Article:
Pelvic Reconstruction


Pelvic reconstruction surgery can be a patient's best option for overcoming embarrassing and painful conditions like incontinence.

Patients who suffer from conditions like incontinence, fistulas, or overactive bladder may feel like they cannot seek help because of the embarrassment they perceive to be attached to their symptoms. However, when they seek prompt treatment, they may be advised to undergo one of the pelvic reconstruction surgery options available to them.

Pelvic reconstruction can help patients get their normal lives back and overcome embarrassment that they once felt because of their pelvic prolapse conditions.


What is Pelvic Reconstruction?

Pelvic reconstruction is a term that can be applied to a number of different surgeries that repair and strengthen the pelvis. The most common types of pelvic reconstruction surgeries include suspension or fixation, which involves the use of tissue from the patient’s own body. This surgery suspends organs that have fallen down past their normal positioning. It is performed most often to address incontinence.

Another type of pelvic reconstruction surgery is sacrocolpopexy, which involves an incision being made in the abdomen. However, while more invasive, it can be the best form of relief for pelvic conditions that result in painful intercourse. It may involve the placement of a mesh inside of the vagina.

The type of pelvic reconstruction that a patient undergoes will depend on the type of condition from which she currently suffers. The surgeon can make the best determination about the type of pelvic reconstruction operation that would work best.

Why is Pelvic Reconstruction Performed?

Pelvic reconstruction surgery is performed for a variety of reasons. It may be done in response to pelvic organs like the uterus that have slipped down past their normal positioning in the body. However, it can also be done to repair fistulas, congenital defects of the vagina, cervix, or uterus, or to address an overactive bladder.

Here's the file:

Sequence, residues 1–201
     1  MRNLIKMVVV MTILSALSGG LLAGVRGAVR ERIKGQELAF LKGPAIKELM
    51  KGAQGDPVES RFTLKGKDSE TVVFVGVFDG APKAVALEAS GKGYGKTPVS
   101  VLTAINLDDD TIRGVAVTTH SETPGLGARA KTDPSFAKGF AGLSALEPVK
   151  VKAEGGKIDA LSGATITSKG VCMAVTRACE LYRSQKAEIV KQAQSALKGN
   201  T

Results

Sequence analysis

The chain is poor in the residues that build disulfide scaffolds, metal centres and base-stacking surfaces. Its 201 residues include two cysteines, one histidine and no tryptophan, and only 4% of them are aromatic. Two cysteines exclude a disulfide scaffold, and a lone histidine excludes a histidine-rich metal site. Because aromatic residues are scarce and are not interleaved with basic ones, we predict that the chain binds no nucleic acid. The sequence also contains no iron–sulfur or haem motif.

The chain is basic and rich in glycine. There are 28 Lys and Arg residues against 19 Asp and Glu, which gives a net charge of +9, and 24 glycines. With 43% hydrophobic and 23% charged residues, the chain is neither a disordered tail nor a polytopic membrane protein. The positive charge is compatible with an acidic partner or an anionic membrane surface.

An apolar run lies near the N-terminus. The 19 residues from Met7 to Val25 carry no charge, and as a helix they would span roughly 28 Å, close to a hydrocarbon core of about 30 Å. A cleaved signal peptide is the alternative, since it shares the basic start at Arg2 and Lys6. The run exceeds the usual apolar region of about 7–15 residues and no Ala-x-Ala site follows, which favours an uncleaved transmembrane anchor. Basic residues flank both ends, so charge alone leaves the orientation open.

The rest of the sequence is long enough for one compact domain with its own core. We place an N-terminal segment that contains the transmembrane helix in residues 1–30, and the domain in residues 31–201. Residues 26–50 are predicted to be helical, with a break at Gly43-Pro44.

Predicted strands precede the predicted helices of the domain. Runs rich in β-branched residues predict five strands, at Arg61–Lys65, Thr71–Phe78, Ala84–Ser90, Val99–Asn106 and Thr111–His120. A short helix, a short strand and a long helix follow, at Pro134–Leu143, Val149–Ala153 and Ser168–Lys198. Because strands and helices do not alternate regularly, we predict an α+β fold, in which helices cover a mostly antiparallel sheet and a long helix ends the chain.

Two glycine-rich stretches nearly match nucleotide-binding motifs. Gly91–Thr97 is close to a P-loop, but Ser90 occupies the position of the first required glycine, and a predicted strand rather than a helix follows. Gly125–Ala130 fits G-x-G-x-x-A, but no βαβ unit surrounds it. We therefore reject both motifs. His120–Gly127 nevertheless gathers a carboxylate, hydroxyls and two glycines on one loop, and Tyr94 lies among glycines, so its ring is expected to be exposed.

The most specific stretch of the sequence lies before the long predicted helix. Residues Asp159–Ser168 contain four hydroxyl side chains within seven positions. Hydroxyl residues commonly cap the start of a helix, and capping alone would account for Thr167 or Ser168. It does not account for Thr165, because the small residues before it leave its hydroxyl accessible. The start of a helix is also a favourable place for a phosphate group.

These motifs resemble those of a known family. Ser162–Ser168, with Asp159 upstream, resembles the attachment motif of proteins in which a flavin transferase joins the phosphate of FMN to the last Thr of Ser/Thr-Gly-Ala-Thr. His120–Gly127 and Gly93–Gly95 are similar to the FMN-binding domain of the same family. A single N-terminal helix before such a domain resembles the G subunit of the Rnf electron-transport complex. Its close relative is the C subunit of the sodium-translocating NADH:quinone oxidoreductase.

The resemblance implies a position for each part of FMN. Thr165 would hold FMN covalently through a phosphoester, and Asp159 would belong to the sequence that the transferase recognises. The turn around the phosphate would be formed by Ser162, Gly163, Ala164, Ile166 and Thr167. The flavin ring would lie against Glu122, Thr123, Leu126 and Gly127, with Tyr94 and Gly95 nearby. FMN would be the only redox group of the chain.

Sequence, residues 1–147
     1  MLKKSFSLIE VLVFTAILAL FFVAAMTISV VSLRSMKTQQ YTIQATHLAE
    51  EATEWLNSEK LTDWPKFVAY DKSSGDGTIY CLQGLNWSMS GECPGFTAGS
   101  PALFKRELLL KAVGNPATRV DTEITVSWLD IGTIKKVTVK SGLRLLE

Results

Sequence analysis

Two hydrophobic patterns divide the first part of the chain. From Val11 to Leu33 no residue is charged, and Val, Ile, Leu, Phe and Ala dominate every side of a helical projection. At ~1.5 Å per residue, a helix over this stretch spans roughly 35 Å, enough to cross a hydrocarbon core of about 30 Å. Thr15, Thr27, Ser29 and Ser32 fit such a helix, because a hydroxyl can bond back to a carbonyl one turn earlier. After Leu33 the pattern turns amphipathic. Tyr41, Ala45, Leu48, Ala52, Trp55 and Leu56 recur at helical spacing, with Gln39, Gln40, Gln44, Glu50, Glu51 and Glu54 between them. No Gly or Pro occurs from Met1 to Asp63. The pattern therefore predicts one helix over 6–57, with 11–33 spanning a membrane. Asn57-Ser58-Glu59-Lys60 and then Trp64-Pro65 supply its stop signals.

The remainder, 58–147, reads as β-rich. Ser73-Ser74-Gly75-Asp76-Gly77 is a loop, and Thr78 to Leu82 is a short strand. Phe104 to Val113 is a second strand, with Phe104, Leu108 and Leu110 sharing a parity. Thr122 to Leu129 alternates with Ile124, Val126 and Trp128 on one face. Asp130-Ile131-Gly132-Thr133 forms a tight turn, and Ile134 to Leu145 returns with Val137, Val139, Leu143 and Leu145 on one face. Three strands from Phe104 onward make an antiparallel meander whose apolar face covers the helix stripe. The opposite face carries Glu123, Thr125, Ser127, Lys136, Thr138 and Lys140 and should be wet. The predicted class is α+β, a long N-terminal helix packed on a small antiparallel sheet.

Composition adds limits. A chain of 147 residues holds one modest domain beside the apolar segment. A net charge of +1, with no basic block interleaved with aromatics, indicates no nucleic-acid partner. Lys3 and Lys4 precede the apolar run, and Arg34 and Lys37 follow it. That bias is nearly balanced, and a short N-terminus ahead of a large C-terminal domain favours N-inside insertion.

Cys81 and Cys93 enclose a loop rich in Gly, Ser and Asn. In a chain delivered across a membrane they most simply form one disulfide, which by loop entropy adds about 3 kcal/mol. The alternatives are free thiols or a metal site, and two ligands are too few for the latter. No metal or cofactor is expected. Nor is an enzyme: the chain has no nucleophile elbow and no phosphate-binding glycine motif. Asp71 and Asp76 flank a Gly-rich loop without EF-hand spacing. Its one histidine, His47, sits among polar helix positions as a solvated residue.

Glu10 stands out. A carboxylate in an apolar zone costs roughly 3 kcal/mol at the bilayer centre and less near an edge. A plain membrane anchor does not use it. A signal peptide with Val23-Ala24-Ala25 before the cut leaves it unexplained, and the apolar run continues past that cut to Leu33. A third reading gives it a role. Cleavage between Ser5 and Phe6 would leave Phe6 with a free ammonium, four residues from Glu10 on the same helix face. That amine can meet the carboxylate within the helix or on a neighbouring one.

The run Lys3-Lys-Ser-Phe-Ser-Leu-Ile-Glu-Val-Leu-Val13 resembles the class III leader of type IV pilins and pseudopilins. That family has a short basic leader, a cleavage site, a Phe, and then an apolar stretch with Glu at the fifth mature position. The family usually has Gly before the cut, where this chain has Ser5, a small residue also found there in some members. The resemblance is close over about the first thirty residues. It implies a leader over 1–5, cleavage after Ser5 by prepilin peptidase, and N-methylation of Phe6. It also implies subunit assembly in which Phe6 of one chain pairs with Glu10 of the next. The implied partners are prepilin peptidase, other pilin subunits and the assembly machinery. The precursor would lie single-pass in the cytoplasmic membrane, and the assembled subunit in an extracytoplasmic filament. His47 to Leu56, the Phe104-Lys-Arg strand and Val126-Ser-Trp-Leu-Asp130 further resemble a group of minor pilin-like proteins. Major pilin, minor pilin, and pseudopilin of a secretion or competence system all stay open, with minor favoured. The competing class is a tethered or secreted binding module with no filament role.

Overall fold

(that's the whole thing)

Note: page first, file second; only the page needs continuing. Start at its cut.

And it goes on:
Pelvic reconstruction surgery is performed as an inpatient procedure in the hospital. Patients must undergo general anesthesia prior to the beginning of the surgery. They also typically are expected to stay in the hospital for one to two days before they are able to go home to rest and recover.

Recovery from Pelvic Reconstruction Surgery

The typical recovery period for pelvic reconstruction surgery lasts anywhere from eight to 12 weeks. Patients are encouraged to rest and avoid heavy lifting, strenuous exercise, and driving for the first three to four weeks after their procedures. They also should avoid straining when having a bowel movement, laughing, or coughing.

To prevent straining when using the bathroom, patients are reminded to eat soft, high-fiber diet. They also may need to take four to eight weeks off from work to recuperate fully. They can typically resume their normal routines two to three months after their surgeries or whenever they are cleared to do so by their surgeons.